Ways for manufacturers and retailers to curb food loss
There are specific ways in which manufacturers and retailers can address food loss. According to the McKinsey & Co. report, “Reducing food loss: What grocery retailers and manufacturers can do,” food manufacturers and retailers could reduce food loss by 50 to 70% by working closely with all participants in the value chain. Two-thirds of the food that would otherwise be lost could be redirected to human consumption; the remaining one-third would go to alternative uses, such as bio-based materials or animal feed.
The business rewards would be significant: companies would reap economic and cash flow benefits while simultaneously improving their scope 3 emission footprint. The research shows that retailers could reduce their cost of goods sold (COGS) by 3 to 6%, manufacturers by 5 to 10%. Grocers and manufacturers could capture $80 billion in new market potential by developing new businesses from food that would otherwise be lost. And they could cut CO2 emissions and the associated costs by 4 to 9%. The McKinsey & Co. report also notes that food loss reduction must be treated as a strategic priority and have the buy-in of the C-suite of the company. Food loss reduction won’t be treated as a strategic priority unless it has the sponsorship of the C-suite, the authors emphasise. Indeed, in an informal poll of a dozen industry leaders, two-thirds pointed to weak governance as the biggest roadblock to the implementation of food loss programmes in their companies. One of the most important enablers for significant and sustained change, therefore, is a strong governance model – with cross-functional accountability encompassing procurement, R&D, the supply chain, manufacturing, marketing, and finance; clear responsibilities and objectives; and KPIs at the individual, functional, and enterprise level. Designating an owner for each food loss initiative and aligning on measures of success will help ensure progress, they note.
Seeing food loss as an inefficiency not an inevitability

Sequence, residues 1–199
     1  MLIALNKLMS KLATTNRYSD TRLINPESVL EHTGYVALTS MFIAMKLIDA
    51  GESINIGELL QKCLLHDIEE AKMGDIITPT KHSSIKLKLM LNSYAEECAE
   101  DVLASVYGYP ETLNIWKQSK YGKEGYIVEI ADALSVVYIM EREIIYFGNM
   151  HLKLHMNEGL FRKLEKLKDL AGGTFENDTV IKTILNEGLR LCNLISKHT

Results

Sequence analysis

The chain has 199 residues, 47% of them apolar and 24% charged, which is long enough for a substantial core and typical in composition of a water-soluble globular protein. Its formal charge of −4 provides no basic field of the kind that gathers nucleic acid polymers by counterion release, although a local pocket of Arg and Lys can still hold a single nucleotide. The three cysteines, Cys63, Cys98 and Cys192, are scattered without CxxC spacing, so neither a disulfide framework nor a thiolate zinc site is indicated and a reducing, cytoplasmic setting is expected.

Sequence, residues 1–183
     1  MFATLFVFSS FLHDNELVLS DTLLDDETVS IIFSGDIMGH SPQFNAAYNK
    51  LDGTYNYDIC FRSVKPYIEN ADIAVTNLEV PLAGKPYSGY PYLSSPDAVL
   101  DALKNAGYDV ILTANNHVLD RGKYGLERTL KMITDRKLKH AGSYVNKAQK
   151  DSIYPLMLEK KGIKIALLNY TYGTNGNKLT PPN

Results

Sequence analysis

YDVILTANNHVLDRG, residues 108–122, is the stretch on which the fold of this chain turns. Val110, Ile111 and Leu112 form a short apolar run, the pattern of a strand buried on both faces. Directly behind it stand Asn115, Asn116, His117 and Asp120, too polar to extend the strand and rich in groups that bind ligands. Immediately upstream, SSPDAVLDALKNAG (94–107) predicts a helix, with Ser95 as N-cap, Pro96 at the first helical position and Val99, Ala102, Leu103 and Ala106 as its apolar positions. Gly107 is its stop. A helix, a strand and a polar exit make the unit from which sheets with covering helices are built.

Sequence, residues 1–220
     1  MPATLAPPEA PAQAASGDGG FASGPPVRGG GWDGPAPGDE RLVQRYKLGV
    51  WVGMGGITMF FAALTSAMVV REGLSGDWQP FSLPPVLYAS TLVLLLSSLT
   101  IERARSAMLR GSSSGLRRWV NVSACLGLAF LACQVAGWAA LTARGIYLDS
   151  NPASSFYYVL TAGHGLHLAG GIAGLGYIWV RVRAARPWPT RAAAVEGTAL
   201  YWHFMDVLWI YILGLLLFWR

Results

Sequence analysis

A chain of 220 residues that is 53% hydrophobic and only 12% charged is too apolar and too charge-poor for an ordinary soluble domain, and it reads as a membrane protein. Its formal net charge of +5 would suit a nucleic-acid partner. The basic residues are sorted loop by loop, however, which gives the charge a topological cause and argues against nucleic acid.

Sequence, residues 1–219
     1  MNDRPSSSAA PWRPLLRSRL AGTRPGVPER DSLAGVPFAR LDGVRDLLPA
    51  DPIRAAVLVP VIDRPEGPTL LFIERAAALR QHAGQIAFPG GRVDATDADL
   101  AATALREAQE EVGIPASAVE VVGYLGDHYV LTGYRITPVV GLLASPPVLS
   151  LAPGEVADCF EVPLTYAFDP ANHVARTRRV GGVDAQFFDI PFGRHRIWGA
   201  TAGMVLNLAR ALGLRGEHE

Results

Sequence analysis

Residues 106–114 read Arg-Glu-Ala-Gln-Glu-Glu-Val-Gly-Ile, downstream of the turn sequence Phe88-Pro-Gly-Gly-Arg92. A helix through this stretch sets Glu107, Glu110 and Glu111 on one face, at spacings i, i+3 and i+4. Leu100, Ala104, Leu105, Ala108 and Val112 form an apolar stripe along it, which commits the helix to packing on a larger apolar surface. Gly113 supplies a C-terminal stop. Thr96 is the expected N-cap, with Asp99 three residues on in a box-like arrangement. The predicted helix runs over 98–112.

Stakeholder management, too, is a critical enabler. Suppliers, consumers, and other participants in the value chain can be persuaded to become allies and supporters of loss-reduction efforts rather than inhibitors. Manufacturers and grocers can create and raise awareness of the problem – and its extent – among farmers and suppliers, to help them see food loss as an inefficiency instead of an inevitability.
Public awareness of food loss and waste will influence how retailers and manufacturers act. As the world moves toward a potential food emergency (currently, one in nine people is suffering from hunger) and as public awareness of the issue grows, external stakeholders will become savvier about food loss and, as a result, more demanding. They will compel retailers and manufacturers to act. McKinsey & Co. identified four levers that retailers and food manufacturers can pull in order to address the issue: minimizing loss during production and processing, minimizing loss during transit, selling more of what is produced and structurally preventing loss.
Grocers and food manufacturers can set targets for both their own company and suppliers, and integrate food loss visibility and reduction into incentive structures. Some forward-thinking companies are actively engaging with suppliers to map food loss “hot spots” in the supply chain and to understand their causes. These companies are developing (and providing public access to) an integrated database of suppliers’ performance across locations. Additionally, some best-practice companies are using digital technologies, like blockchain, to make products traceable at every stage along the journey from farm to store.